Absolutely speaking, the truths of the faith themselves are 100% non- demonstrable (e.g. the mysteries of Trinity, the Incarnation, the Eucharist, etc.), for what is demonstrated is no longer believed because it is already seen, but what is believed is because it is not seen: “Faith is the realization of what is hoped for and evidence of things not seen” (Heb 11:1). Although it is certain that we cannot see totally the intrinsic truths of the faith, we do see with total clarity and certainty the motives that make these truths credible. Among the motives for the credibilities of our faith, miracle occupies the first place. Miracle, by definition, is a reality done by God that is outside the natural order, for his divine power supersedes natural order.

     Concerning the issue of whether Christ should have worked miracles, the Angelic Doctor has given an affirmative answer. Yes, it was fitting and necessary that the Lord Jesus Christ had worked the great miracles so to have proved his divine mission among the people.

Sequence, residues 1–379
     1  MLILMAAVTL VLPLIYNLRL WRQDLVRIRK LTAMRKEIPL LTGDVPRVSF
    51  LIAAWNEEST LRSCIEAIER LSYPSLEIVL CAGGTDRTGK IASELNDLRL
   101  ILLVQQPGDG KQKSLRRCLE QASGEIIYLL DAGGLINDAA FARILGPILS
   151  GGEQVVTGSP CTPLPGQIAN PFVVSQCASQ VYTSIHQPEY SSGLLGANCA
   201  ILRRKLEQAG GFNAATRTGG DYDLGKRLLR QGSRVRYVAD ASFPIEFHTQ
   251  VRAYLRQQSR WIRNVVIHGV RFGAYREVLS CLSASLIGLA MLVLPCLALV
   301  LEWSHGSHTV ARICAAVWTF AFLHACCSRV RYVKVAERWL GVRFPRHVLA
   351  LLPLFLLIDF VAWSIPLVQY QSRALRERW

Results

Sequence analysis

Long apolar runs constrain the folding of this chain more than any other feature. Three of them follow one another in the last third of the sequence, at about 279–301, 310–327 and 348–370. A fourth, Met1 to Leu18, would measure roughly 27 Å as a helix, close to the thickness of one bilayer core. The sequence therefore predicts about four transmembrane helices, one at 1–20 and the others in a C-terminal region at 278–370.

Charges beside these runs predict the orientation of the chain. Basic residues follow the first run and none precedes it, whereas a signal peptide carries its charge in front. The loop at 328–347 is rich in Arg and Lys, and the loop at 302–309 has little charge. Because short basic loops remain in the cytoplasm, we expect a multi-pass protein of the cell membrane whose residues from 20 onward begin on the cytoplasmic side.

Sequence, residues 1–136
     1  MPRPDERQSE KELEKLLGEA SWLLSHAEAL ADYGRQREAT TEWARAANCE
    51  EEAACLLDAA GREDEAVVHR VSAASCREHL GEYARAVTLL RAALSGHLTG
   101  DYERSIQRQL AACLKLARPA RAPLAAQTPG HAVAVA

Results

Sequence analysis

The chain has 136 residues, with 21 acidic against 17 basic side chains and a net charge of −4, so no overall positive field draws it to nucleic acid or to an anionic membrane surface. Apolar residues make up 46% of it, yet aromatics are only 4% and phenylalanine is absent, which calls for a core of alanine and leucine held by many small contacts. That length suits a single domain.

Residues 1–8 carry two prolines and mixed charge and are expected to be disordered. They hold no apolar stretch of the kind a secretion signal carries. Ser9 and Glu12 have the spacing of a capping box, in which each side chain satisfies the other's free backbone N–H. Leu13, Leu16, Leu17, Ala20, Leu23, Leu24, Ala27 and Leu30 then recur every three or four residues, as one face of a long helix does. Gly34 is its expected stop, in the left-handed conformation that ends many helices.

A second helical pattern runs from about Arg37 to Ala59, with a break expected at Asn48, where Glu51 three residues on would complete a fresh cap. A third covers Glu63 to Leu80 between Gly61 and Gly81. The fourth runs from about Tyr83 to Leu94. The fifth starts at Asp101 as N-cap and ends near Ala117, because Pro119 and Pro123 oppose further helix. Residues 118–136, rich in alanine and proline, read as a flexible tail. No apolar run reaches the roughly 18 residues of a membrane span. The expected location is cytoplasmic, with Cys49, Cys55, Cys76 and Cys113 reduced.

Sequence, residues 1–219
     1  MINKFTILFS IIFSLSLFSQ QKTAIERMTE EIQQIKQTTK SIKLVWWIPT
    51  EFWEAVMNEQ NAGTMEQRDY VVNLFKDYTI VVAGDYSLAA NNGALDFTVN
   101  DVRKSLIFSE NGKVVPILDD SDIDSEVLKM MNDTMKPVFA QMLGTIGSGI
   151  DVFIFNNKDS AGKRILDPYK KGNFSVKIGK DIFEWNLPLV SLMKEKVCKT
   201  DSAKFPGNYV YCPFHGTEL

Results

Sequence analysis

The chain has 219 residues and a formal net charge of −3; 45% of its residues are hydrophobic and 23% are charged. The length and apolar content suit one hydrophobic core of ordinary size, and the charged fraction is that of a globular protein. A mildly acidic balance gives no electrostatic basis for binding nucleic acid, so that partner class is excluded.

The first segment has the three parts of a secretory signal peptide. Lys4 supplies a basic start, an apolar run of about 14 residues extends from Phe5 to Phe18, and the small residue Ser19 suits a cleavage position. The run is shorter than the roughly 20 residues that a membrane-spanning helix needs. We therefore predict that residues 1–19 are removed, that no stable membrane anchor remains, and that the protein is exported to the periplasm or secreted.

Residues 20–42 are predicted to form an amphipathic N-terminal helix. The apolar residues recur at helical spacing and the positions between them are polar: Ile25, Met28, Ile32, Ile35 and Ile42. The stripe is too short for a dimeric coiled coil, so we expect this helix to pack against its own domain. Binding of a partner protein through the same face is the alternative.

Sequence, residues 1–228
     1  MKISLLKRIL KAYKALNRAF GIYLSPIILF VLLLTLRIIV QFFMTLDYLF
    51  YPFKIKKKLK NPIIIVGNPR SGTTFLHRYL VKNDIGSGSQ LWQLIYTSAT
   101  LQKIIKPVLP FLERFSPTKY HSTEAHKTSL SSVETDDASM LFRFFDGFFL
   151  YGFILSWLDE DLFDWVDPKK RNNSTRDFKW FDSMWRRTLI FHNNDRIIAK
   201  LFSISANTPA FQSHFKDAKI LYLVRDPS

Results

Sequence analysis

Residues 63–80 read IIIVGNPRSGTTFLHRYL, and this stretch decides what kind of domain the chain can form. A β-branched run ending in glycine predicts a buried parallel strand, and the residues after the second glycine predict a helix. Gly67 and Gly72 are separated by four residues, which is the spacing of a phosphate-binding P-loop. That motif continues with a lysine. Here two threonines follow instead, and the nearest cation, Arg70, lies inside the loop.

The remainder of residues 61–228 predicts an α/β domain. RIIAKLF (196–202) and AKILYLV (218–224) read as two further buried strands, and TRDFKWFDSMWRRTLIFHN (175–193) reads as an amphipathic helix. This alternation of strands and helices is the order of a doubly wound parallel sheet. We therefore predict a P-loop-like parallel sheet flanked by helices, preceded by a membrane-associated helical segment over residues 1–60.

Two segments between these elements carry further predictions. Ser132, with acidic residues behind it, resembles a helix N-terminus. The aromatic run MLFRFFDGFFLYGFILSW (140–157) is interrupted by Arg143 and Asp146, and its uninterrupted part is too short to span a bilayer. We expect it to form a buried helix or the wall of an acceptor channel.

According to St. Thomas, there are two motives when God bestows on a person the power to perform miracles:

     The first and principal reason is for confirmation of the truth which that person teaches, truth that acknowledges Jesus Christ come in the flesh (1 Jn 4:2). When things which exceed the human capacity and reasons, such things need to be shown with arguments coming from divine power, so that in seeing the one who performs such wonders which God can do either directly or indirectly, the people might believe that such teaching comes from God. Analogically speaking, upon seeing a letter sealed with the authentic, royal seal of the king, such person would believe that the content of the letter comes from the king himself. True miracle is like a seal of the letter which contains divine teaching.